Senators have until Friday to file budget amendments, so check back for updates.

Click here for a complete list of the Senate’s proposed early education budget line items.

And for more information, contact Titus DosRemedios at tdosremedios@strategiesforchildren.org, (617) 330-7387.

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Photo: Alyssa Haywoode for Strategies for Children

 

The Massachusetts state budget process is underway, so it’s time to advocate for early education and care.

So far, Governor Charlie Baker has filed his FY20 budget proposal.

The House has also debated and passed its budget. And while the House budget includes an important investment in early educator salaries, through a $20 million rate reserve, it does not include any funding for preschool expansion grants. This could have been addressed by a $15 million amendment filed by Rep. Jay Livingstone (D-Boston) that would have funded the state’s Commonwealth Preschool Partnership Initiative. But ultimately, this amendment was not included in the education and local aid amendment that did pass.

Here’s the recent funding history:

Commonwealth Preschool Partnership Initiative (3000-6025)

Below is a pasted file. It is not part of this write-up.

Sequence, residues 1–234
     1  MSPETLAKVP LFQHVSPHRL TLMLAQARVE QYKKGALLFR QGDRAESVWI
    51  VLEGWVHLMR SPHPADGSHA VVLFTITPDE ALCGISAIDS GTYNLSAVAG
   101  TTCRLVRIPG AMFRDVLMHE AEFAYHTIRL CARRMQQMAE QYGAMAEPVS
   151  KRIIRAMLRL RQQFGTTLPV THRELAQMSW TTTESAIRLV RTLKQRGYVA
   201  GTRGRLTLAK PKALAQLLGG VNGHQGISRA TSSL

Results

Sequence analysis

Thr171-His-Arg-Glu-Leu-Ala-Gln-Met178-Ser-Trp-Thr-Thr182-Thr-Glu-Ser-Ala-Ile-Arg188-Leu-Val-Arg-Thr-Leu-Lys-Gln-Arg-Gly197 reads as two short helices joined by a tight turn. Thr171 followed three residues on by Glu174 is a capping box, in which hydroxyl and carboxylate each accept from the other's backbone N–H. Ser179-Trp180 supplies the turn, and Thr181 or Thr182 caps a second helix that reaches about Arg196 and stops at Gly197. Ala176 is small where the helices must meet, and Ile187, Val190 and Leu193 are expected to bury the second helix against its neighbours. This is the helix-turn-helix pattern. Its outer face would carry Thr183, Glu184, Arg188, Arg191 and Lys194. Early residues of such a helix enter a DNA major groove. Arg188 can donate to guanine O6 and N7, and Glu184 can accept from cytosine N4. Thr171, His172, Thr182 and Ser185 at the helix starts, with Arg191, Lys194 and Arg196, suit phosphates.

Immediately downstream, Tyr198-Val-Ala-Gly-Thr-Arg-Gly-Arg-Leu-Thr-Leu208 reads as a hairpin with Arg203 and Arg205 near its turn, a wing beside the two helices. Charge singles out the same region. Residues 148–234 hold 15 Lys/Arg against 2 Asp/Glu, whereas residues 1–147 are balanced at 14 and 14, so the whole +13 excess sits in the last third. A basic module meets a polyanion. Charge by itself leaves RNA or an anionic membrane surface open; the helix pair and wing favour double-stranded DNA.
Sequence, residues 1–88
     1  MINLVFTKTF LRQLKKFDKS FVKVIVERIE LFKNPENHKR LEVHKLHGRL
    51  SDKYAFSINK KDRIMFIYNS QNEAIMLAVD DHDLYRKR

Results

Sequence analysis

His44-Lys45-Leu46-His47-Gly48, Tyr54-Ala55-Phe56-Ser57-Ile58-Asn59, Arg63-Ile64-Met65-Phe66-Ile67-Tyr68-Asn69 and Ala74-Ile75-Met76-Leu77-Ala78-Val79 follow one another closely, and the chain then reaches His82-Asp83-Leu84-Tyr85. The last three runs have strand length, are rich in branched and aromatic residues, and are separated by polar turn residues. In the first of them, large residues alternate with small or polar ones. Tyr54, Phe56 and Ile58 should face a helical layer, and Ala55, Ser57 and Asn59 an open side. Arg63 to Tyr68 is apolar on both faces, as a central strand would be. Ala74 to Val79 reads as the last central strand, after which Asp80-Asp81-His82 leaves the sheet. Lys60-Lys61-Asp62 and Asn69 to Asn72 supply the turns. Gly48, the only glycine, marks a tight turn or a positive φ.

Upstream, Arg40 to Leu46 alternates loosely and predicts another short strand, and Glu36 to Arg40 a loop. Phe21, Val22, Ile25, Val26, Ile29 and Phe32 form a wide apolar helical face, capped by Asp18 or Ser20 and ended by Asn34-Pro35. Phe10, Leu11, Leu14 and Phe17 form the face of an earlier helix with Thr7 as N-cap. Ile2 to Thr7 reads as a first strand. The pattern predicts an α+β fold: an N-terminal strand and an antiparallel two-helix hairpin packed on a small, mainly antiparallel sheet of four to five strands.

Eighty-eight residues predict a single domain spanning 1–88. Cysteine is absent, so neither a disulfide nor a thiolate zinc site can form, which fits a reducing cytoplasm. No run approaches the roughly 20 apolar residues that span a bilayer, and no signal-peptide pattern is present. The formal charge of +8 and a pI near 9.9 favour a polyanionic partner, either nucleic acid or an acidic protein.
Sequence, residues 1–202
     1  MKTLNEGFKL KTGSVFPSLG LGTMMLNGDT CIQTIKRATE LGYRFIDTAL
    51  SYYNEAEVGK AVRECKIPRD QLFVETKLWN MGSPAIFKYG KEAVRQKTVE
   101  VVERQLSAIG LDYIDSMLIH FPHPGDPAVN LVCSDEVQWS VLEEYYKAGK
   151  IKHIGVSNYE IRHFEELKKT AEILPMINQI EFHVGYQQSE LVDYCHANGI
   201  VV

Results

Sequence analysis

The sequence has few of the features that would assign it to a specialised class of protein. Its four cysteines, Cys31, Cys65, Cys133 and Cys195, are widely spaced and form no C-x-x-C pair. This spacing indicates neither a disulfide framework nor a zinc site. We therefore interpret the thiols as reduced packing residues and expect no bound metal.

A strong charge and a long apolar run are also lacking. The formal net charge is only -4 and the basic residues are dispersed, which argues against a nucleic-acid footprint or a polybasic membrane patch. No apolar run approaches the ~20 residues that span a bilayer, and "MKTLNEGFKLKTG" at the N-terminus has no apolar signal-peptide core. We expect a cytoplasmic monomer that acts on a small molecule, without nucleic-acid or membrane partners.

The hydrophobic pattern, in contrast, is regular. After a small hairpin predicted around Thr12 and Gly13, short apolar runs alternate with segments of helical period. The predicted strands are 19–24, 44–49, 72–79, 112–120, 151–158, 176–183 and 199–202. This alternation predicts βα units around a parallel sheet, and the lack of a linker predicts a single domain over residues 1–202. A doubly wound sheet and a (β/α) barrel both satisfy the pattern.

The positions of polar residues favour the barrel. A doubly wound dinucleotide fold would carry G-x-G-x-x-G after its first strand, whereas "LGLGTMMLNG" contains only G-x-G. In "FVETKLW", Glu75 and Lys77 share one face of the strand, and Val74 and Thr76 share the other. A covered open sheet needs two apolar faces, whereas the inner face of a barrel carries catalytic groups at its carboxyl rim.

FY19 Final budget: $5,000,000
FY20 Governor’s budget: $2,500,000
FY20 House budget: not funded
FY20 Senate budget: TBD (more…)

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The award-winning Reading Success by 4th Grade initiative is moving to a brand new and very appropriate home, the Springfield City Library.

Reading Success by 4th Grade is a nationally recognized, community-wide effort to ensure that all the children living in Springfield, Mass., can read proficiently by the end of third grade.

Launched in 2009, the program was run by Sally Fuller, and its home was the Irene E. & George A. Davis Foundation.

Now that Fuller has retired, Davis foundation officials want the initiative to have a home in the community.

Among the initiative’s guiding principles:

• the best interventions begin before kindergarten;

• parents and caregivers are their children’s first and most important teachers, and

• both home and educational environments must support children’s early literacy skills

The initiative has had notable success. It “was recognized at the national Grade-Level Reading Week conference in Denver in 2017 for initiating citywide strategies that raised the level of third-grade reading proficiency from 33 percent to 44 percent,” MassLive reports. (more…)